Left unmanaged, this diabetes-related complication can lead to vision changes. Implementing the right strategies can help you protect your eyesight.

When high blood sugar levels related to diabetes cause damage to the blood vessels in the retina, it’s known as diabetic retinopathy. One complication of diabetic retinopathy is that blood and fluid can leak into the retina. An accumulation of fluid in the middle of the retina (macula) is called diabetic macular edema (DME).

Early on, you may not have noticeable symptoms. Then, as the macula swells, your vision can start to blur. DME is a leading cause of vision loss worldwide. But with treatment, you may be able to reduce swelling and prevent vision loss.

Learning you have DME can trigger a lot of concerns. The best way to address these concerns is to speak with your eye care or diabetes specialist. These are the questions you may want to ask at your next checkup.

Among people with diabetic retinopathy, about half will go on to develop macular edema. There’s no cure, but you may be able to slow disease progression.

One key factor is how soon you get a diagnosis. Vision loss is more likely when DME is already severe at diagnosis. Diabetes and high blood pressure control are also important prognostic factors.

Your doctor will be able to give you a better idea of what to expect based on your circumstances.

Without treatment, macular edema can lead to permanent vision loss. However, vision loss is not guaranteed.

About 25% to 30% of people with clinically significant macular edema will experience at least some vision loss within 3 years. For some people, mild blurry vision is the main symptom. But DME can also cause:

  • objects to look wavy
  • colors to look faded
  • severe central vision loss

Early detection and treatment can help lower the risk of permanent vision loss.

Your doctor will consider the specifics of your diagnosis before making treatment recommendations. Treatment options for DME include:

  • Anti-vascular endothelial growth factor (anti-VEGF) drugs: These drugs help limit leakage from abnormal blood vessels and stop new blood vessels from forming. After numbing the eye, a specialist injects the drug into or near the eye. It usually requires several treatments.
  • Laser treatment: Laser lights help close and destroy leaky blood vessels. It also helps slow or stop new blood vessels from forming. Your doctor will use special instruments to hold your eye open and keep your head still while applying the laser therapy directly into the damaged area.
  • Corticosteroids: These treatments are used to help reduce inflammation and swelling in the eye. They’re available as eye drops, tablets, or injections in or around the eye.
  • Surgery: In a procedure called vitrectomy, the surgeon removes vitreous gel and blood from the back of your eye. This allows light to reach the retina again. If scar tissue is found on the retina, it can be removed during this procedure.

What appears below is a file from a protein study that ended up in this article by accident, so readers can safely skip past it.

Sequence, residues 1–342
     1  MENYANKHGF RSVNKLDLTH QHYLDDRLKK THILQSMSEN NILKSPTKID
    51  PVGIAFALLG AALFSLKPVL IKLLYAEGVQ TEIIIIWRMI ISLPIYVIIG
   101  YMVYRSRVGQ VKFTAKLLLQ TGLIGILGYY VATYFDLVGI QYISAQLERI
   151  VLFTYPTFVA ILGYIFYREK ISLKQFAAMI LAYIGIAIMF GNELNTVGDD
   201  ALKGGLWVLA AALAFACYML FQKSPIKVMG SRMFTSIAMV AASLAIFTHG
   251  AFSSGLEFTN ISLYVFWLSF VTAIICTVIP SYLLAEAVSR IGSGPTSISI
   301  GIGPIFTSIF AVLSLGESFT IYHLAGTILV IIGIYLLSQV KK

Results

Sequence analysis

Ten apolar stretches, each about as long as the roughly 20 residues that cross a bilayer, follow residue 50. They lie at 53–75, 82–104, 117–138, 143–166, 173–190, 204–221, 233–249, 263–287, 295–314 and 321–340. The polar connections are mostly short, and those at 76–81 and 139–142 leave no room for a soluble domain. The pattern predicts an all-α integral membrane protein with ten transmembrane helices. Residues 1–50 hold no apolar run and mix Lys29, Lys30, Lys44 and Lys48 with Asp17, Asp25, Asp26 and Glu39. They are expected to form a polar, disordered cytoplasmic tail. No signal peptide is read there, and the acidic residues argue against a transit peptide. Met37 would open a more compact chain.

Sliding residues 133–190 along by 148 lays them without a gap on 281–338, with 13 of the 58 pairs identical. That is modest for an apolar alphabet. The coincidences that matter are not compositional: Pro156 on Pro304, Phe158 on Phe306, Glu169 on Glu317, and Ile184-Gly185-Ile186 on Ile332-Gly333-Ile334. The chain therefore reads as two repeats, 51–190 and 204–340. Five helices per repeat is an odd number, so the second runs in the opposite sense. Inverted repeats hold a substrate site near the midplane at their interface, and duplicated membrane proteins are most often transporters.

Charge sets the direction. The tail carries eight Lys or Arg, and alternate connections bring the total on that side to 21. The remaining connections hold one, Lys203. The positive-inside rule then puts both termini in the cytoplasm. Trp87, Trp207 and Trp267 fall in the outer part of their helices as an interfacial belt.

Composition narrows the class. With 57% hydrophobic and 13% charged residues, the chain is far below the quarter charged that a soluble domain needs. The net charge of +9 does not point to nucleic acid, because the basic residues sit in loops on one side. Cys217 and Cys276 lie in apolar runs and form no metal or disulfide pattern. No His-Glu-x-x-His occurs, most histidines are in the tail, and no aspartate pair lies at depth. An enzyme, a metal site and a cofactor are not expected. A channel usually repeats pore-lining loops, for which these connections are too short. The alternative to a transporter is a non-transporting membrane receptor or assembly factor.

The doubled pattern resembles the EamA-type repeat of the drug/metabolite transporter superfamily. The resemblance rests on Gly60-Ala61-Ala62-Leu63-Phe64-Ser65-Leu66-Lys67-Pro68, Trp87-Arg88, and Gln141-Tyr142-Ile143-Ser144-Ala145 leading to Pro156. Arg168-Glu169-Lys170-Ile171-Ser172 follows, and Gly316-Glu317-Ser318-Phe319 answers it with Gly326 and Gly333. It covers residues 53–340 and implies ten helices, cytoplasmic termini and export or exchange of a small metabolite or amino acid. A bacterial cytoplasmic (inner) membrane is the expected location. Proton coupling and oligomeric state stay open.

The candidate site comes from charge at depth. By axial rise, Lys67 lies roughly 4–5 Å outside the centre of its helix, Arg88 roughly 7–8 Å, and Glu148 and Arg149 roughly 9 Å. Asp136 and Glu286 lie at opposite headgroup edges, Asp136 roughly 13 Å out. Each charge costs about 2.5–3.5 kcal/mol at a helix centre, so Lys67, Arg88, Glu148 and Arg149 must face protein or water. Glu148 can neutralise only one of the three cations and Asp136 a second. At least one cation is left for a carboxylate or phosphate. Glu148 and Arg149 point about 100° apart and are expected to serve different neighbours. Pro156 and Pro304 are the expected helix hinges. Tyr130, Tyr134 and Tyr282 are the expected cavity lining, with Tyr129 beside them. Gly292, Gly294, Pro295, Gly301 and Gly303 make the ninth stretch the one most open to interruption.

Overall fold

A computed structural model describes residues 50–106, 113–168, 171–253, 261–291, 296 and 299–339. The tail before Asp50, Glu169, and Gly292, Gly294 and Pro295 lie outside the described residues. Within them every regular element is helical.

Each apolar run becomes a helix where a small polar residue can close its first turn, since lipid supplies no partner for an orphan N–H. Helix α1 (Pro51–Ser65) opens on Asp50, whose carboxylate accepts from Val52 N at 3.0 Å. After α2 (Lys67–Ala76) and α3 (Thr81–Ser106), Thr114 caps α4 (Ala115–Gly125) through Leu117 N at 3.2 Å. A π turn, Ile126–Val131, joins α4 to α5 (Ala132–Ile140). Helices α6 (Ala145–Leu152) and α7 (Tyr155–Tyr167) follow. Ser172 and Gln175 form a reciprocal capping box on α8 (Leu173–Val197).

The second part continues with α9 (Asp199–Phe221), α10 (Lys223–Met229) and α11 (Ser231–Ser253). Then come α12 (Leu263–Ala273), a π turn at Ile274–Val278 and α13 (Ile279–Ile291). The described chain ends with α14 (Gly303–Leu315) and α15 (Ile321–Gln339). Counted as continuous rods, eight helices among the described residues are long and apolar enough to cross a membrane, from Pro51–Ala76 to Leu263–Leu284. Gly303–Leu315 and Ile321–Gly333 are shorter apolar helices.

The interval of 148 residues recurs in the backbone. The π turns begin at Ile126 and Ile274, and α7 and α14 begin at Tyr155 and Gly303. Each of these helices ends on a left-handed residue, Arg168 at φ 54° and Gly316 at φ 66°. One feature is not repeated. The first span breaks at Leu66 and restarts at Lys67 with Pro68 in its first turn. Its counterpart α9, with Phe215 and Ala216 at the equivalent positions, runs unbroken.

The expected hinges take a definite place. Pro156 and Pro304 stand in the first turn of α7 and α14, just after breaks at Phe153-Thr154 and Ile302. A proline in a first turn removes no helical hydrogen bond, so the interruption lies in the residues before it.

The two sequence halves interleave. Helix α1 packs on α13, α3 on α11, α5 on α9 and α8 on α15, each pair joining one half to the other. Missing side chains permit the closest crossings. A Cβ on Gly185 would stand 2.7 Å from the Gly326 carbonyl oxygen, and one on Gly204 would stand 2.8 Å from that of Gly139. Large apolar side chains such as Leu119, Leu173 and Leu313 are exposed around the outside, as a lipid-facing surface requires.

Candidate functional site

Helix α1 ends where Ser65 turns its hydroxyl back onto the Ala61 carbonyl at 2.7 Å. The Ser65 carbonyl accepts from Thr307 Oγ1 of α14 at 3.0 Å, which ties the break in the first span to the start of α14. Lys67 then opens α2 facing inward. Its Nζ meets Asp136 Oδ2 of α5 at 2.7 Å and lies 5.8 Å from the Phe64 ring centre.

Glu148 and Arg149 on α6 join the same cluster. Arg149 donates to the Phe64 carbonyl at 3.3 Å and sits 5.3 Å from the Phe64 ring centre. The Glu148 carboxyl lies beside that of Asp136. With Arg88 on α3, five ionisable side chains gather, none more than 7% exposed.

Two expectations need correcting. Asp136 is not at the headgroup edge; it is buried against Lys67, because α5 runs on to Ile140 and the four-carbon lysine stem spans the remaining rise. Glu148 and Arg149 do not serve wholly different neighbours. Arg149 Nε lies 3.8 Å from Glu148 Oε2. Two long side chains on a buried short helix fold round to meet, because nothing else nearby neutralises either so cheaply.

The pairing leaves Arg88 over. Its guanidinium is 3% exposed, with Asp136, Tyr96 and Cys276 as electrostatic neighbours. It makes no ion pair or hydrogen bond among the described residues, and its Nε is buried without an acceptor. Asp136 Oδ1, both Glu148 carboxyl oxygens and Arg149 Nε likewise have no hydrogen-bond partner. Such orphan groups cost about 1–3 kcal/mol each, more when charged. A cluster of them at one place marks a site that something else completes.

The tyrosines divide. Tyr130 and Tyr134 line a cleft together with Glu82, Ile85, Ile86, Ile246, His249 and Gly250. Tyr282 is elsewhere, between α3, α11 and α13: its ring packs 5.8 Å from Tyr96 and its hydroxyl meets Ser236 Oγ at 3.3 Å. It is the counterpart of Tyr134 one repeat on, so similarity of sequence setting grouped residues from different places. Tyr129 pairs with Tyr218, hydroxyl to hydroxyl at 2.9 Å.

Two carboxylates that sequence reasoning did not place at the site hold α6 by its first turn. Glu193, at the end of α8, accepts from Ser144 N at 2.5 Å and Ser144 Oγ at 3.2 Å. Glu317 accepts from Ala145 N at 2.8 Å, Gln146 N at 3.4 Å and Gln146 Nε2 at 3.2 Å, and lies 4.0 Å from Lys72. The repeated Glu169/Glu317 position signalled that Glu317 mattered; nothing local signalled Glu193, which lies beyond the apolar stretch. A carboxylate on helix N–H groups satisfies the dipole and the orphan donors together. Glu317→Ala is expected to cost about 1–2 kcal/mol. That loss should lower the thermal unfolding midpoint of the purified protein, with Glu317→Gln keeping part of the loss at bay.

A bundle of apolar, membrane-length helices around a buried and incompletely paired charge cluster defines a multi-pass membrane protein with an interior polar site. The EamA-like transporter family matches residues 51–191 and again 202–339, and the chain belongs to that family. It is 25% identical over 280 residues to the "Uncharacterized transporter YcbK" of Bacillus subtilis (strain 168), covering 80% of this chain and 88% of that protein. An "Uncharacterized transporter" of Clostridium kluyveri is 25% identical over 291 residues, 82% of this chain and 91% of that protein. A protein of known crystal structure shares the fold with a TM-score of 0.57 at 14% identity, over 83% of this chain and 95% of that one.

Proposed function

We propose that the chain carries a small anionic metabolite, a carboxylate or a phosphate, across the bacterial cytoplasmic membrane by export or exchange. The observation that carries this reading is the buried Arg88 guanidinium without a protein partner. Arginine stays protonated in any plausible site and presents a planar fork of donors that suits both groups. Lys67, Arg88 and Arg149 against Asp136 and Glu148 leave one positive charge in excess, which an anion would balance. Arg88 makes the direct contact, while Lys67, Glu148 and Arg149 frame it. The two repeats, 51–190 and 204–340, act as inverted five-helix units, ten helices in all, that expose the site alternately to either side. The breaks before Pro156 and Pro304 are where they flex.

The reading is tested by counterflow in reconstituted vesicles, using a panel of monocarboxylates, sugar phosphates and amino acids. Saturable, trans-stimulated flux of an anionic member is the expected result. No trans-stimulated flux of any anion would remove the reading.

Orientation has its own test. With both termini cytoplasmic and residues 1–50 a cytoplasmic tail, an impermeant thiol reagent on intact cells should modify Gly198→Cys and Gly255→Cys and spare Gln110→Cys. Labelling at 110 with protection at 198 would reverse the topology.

Be sure to ask about the potential benefits, side effects, and risks of any treatment your doctor recommends.

Will treatment help improve my vision?

According to the American Diabetes Association, treating macular edema can sometimes stop or reverse vision loss. Each case is different, so your doctor will be able to explain whether that’s a possibility for you.

Maintaining good diabetes management can help slow the progression of macular edema. This includes:

  • keeping blood sugar levels in your target range as much as you can
  • controlling blood pressure and cholesterol levels
  • quitting smoking (ask your doctor about smoking cessation programs if you need help quitting)
  • being active to improve diabetes management as well as your overall health

Check in with your doctor to discuss specific steps that can help you manage your health and protect your vision.

Early on, blurry vision may be the only symptom of macular edema. As DME progresses, you might start to notice:

  • dark spots and floaters
  • objects that seem to move, disappear, or change shape, size, or color
  • straight lines that look distorted
  • colors that look dull or faded
  • light sensitivity
  • loss of peripheral vision
  • loss of central vision
  • visual images of things that aren’t really there (visual hallucinations)

Contact your eye specialist if you have any sudden or concerning change in your vision.

Along with DME, having diabetes also increases your risk of developing eye issues like cataracts or glaucoma. Your doctor can go over your risk factors and suggest a screening schedule.


A cataract is a cloudiness over the clear lens in the eye. Other risk factors for cataracts include high blood pressure, obesity, smoking, and too much sun exposure over time.

Symptoms of cataracts include:

  • blurry vision
  • fading colors
  • light sensitivity
  • trouble seeing at night
  • double vision


Glaucoma damages the optic nerve, usually due to excess pressure in the eye. The risk of glaucoma increases with age. Symptoms develop slowly, typically starting with poor peripheral vision.

If you have DME, your doctor will recommend a schedule based on the severity of symptoms and which treatments you choose. In some cases, you may need to start by having your eyes checked every 1 to 3 months.

There’s no cure for DME. But with the right information, you can take steps to lower your chances of permanent vision loss.

Make a list of questions to ask your doctor before your next visit so you don’t forget anything. Don’t hesitate to ask follow-up questions if there’s anything you don’t understand. Knowing what to expect can help you feel better about DME and how it’s treated.